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    6. Using AI to aid with banning books is another level of dystopia

    Published: 17th August

    However, what I’m concerned about is AI decision-making. In this case, a crazy law is being implemented by people who haven’t read the books in questions who outsource the decision to a language model that doesn’t really understand what’s being asked of it.

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    7. A philosophy of travel

    Published: 30th August

    Traveller in a bubble in a landscape

    This article critically examines the concept of travel, questioning its oft-claimed benefits of ‘enlightenment’ and ‘personal growth’. It cites various thinkers who have critiqued travel (including one of my favourites, Fernando Pessoa) suggesting that it can actually distance us from genuine human connection and meaningful experiences.

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    8. We need to talk about AI porn

    Published: 25th August

    Screenshot with blurred image and red button saying 'Upgrade to Basic'. Explanation underneath explains NSFW is only available to premium members.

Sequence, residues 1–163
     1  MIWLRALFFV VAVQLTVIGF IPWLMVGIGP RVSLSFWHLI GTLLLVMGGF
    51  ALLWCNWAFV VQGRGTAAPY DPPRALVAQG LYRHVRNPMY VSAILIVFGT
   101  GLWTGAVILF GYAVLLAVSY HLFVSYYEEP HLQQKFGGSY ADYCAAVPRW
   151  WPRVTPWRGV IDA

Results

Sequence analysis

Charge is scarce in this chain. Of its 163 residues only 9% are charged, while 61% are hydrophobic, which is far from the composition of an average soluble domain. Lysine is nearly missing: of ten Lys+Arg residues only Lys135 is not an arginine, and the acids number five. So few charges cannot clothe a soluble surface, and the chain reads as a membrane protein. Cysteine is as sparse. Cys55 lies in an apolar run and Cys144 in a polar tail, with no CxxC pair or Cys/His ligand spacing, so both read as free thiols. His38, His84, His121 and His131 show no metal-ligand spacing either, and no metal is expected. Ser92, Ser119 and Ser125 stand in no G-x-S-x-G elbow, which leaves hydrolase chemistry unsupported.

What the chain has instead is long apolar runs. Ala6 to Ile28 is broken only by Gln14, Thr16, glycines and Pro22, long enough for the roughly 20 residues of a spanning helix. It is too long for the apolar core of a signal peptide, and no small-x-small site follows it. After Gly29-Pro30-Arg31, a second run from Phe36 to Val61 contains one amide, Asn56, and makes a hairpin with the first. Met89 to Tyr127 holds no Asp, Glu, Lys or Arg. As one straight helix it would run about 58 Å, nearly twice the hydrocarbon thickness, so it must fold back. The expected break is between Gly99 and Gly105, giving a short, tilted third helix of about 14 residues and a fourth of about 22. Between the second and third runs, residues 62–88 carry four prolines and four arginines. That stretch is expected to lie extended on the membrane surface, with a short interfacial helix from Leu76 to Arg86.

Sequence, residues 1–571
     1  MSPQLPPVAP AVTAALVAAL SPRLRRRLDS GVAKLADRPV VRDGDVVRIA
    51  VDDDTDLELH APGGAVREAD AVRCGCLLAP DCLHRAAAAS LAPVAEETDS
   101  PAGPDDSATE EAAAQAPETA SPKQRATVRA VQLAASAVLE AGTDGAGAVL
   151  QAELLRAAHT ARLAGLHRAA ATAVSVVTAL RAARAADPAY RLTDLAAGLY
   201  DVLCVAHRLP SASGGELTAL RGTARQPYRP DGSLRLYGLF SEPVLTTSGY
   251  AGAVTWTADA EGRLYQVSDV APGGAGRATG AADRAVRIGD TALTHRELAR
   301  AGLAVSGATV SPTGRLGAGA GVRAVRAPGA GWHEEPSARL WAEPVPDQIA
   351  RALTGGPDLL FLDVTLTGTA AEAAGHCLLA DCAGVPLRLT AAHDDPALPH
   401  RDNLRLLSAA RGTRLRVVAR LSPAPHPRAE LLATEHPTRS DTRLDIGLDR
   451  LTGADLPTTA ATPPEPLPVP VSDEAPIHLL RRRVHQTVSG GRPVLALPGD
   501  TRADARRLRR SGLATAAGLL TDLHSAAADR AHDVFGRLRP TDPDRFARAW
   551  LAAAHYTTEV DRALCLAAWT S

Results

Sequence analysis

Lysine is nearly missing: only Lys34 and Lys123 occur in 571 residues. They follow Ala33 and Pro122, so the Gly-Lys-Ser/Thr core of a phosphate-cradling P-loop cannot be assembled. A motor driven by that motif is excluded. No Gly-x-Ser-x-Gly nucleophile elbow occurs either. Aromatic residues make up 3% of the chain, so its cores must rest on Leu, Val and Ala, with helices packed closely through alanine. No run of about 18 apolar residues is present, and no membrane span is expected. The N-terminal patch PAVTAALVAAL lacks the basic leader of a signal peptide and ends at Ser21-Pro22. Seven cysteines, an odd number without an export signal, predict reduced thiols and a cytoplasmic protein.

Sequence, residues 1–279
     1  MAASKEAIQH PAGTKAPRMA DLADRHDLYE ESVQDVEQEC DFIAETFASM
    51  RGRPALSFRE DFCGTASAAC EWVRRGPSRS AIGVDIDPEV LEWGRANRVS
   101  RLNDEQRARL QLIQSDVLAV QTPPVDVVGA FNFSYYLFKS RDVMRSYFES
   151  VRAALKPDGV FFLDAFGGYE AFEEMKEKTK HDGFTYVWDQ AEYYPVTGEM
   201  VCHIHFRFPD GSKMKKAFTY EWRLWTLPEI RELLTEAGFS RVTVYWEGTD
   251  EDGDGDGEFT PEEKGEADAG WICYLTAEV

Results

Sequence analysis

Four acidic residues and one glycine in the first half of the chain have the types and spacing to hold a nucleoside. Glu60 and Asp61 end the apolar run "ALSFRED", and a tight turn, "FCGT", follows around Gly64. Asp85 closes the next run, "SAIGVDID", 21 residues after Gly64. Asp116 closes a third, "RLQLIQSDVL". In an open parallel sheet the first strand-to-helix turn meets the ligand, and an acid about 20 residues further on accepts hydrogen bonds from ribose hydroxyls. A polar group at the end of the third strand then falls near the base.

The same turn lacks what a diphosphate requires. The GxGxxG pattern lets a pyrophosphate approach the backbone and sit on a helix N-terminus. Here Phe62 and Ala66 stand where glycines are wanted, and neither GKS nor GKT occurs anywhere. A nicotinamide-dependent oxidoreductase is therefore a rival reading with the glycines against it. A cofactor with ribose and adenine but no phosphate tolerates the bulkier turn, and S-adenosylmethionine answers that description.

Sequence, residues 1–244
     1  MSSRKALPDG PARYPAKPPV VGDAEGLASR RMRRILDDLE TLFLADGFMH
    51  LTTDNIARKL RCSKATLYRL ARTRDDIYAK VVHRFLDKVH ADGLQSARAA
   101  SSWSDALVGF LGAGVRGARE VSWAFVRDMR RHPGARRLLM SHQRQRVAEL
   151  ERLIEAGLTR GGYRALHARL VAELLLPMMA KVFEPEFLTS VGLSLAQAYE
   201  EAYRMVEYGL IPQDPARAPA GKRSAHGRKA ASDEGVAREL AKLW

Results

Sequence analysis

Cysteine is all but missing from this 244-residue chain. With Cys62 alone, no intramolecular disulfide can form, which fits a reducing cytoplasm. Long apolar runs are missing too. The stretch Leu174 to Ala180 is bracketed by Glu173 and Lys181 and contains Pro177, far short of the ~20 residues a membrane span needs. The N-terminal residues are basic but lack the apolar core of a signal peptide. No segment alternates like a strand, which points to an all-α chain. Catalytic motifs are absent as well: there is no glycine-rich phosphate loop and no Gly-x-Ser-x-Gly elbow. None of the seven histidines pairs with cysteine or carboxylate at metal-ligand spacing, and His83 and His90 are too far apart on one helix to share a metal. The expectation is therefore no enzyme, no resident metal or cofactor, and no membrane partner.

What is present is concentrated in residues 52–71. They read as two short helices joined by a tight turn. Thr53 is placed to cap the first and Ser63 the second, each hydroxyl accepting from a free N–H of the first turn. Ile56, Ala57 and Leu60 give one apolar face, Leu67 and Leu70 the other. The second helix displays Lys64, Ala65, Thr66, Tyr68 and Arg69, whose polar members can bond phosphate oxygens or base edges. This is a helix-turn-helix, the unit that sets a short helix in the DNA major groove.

As this article details, a lot of porn has already been generated. Again, prudishness aside relating to people’s kinks, there are all kind of philosophical, political, legal, and issues at play here. Child pornography is abhorrent; how is our legal system going to deal with AI generated versions? What about the inevitable ‘shaming’ of people via AI generated sex acts?

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    9. Update your profile photo at least every three years

    Published: 11th January

    Person looking at camera

    I think this is good advice. I try to update mine regularly, although I did realise that last year I chose a photo that was five years old! I prefer ‘natural’ photos that are taken in family situations which I then edit, rather than headshots these days.

    Read post

    10. Britain is screwed

    Published: 8th February

    Chart showing UK as bottom of the table in terms of benefits in unemployment as a share of previous income.

    I followed a link from this article to some OECD data which, as shown in the chart below, the UK has even lower welfare payments that the US. The economy of our country is absolutely broken, mainly due to Brexit, but also due to the chasm between everyday people and the elites.